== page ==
John Moore, Associated Press
BAGHDAD — In the beginning, it all looked simple: topple Saddam Hussein, destroy his purported weapons of mass destruction and lay the foundation for a pro-Western government in the heart of the Arab world.
Nearly 4,500 American and more than 100,000 Iraqi lives later, the objective now is simply to get out — and leave behind a country where democracy has at least a chance, where Iran does not dominate and where conditions may not be good but "good enough."
Even those modest goals may prove too ambitious after American forces leave and Iraq begins to chart its own course. How the Iraqis fare in the coming years will determine how history judges a war that became among the most politically contentious in American history.
Toppling Saddam was the easy part. Television images from the days following the March 20, 2003, start of the war made the conflict look relatively painless, like a certain type of Hollywood movie: American tanks speeding across the bleak and featureless Iraqi plains, huge blasts rattling Baghdad in the "shock and awe" bombing and the statue of the dictator tumbling down from his pedestal.
But Americans soon collided with the complex realities of an alien society few of them knew or understood. Who were the real power brokers? This ayatollah or that Sunni chief? What were the right buttons to push? America had its own ideas of the new Iraq. Did most Iraqis share them?
Places most Americans had never heard of in 2002, like Fallujah and Abu Ghraib, became household words. Saddam was captured nine months after the invasion. The war dragged on for eight more years. No WMD were ever found. And Iraq drained billions from America's treasury and diverted resources from Afghanistan, where the Taliban and al-Qaida rebounded after their defeat in the 2001 invasion.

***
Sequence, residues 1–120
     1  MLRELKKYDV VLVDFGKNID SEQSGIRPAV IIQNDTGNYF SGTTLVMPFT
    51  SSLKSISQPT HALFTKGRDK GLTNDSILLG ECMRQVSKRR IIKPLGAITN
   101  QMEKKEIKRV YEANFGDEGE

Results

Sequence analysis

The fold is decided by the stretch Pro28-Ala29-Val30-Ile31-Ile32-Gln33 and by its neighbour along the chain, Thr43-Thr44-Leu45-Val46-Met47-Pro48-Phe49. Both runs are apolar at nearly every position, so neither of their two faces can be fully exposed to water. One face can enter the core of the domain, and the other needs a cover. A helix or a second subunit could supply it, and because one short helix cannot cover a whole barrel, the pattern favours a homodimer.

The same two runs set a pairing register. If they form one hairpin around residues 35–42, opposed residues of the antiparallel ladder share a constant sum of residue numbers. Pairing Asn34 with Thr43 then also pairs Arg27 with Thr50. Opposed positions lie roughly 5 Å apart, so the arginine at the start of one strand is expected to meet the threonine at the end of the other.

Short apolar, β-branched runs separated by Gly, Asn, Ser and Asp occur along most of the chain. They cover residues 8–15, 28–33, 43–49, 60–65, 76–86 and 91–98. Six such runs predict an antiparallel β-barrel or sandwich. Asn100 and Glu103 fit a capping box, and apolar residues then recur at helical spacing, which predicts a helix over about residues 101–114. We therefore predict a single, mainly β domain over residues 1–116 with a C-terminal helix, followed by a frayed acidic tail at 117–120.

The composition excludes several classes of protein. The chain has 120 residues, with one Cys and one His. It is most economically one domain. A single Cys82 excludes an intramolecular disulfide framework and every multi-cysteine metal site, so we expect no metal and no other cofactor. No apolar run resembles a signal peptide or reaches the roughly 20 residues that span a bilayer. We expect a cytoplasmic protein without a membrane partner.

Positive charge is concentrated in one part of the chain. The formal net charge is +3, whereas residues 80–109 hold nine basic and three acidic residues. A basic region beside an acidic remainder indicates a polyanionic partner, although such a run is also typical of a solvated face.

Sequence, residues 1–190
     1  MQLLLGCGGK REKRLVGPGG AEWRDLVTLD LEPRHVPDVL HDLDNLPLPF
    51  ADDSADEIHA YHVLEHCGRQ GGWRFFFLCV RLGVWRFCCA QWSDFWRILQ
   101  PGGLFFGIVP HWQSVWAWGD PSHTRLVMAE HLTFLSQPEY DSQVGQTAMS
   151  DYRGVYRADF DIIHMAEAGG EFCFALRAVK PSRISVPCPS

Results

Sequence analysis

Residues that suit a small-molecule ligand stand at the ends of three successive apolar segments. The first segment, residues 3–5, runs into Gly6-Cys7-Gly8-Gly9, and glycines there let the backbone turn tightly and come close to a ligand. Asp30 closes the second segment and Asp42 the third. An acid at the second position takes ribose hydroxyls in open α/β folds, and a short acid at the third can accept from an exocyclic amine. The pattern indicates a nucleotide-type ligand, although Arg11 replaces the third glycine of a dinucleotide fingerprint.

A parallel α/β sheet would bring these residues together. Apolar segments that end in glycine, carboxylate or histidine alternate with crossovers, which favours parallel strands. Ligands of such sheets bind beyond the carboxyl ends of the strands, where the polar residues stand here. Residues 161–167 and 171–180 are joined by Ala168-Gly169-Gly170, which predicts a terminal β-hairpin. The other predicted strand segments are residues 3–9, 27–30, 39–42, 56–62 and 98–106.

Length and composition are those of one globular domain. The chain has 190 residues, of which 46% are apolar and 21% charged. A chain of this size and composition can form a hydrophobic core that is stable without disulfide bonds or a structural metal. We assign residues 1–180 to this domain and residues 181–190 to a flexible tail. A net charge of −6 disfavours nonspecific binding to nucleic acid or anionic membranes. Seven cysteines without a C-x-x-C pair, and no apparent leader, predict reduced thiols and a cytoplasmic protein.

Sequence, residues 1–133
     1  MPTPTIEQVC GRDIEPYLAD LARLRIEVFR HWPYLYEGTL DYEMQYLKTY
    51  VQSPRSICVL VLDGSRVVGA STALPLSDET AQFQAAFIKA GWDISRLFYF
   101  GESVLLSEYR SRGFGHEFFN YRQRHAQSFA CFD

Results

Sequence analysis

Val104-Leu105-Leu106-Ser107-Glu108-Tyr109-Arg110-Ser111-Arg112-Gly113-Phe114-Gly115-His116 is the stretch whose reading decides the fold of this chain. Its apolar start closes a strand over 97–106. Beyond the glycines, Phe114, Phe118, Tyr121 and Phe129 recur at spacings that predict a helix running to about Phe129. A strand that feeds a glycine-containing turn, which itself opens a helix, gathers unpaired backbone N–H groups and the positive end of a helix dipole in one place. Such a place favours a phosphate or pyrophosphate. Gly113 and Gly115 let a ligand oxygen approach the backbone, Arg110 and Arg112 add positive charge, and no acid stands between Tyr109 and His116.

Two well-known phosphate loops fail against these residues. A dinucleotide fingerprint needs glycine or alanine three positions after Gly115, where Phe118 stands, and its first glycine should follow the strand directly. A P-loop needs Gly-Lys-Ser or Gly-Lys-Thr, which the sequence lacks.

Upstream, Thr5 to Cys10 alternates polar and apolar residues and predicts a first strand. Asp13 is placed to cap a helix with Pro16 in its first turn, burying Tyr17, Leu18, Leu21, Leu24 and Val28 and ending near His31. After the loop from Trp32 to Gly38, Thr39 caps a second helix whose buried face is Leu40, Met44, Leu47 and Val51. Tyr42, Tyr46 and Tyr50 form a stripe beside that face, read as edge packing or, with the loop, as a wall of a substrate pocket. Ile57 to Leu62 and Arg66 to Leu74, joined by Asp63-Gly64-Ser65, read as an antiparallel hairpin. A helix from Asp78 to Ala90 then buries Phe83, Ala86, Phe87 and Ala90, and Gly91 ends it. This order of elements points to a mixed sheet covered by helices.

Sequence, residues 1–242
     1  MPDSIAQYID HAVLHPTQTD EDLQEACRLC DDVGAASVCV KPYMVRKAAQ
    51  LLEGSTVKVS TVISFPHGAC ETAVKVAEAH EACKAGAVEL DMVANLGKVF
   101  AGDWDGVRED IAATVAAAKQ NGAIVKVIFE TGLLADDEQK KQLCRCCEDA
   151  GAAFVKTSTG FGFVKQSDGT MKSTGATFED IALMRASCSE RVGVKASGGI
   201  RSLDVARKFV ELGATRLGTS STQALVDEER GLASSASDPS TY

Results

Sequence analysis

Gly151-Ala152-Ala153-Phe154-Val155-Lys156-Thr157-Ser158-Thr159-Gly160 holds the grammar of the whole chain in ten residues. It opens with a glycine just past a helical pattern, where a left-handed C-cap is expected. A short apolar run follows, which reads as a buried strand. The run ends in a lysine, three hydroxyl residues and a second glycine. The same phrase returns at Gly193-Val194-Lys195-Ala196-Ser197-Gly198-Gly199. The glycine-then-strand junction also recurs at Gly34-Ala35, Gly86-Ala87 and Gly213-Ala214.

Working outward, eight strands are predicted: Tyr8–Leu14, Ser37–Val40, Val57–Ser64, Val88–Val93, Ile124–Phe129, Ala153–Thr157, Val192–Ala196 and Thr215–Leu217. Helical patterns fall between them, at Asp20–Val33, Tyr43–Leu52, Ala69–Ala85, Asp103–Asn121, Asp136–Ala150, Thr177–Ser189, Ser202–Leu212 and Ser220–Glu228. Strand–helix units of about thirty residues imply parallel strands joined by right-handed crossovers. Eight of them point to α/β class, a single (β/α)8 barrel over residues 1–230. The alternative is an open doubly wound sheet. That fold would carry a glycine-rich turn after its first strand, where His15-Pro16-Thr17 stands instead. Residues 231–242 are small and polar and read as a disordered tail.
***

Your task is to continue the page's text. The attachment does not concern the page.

In the early months, America's enemy was mostly Sunnis angry over the loss of power and prestige when their patron Saddam fell. In September 2007, the bloodiest year for U.S. troops, Shiite militias — part of a community that suffered terribly under Saddam — were responsible for three-quarters of the attacks in the Baghdad area that killed or wounded Americans, according to the then-No. 2 U.S. commander in Iraq, Lt. Gen. Ray Odierno.
Saddam had not tolerated al-Qaida. With Saddam gone and the country in chaos, al-Qaida in Iraq became the terror movement's largest and most dangerous franchise, drawing in fighters from North Africa to Asia for a war that lingers on through suicide bombings and assassinations, albeit at a lower intensity.
As American troops prepare to go home by Dec. 31, they leave behind a country still facing violence, with closer ties to the U.S. than Saddam had but still short of what Washington once envisioned. Iranian influence is on the rise. One of the few positive developments from the American viewpoint — a democratic toehold — is far from secure.
In 20-20 hindsight, the U.S. probably should have seen it coming. By 2003, communal rivalries and hatreds, fueled by years of Saddam's suppression of Kurds and Shiites, were brewing beneath the lid of a closed society cobbled together from the wreckage of the Ottoman Empire after World War I. Saddam's rule of terror kept all these passions in the pot. Lift the lid and the pot boils over. Remove Saddam and a new fight flares for the power that the ousted ruler and his Baath Party had monopolized for decades.
A day after Saddam's statue was hauled down in Baghdad, the U.S. arranged what was supposed to be a reconciliation meeting in the Shiite holy city of Najaf, bringing together prominent clerics from the majority Shiite sect eager for a dominant role in Iraq after the collapse of Saddam's Sunni-dominated rule.
One of them was Abdul-Majid al-Khoie, son of a revered ayatollah. Al-Khoie had fled to Britain during Saddam's crackdown against Shiites after the 1991 Gulf War. Now he and the other clerics were back in Iraq, freed from Saddam's yoke.
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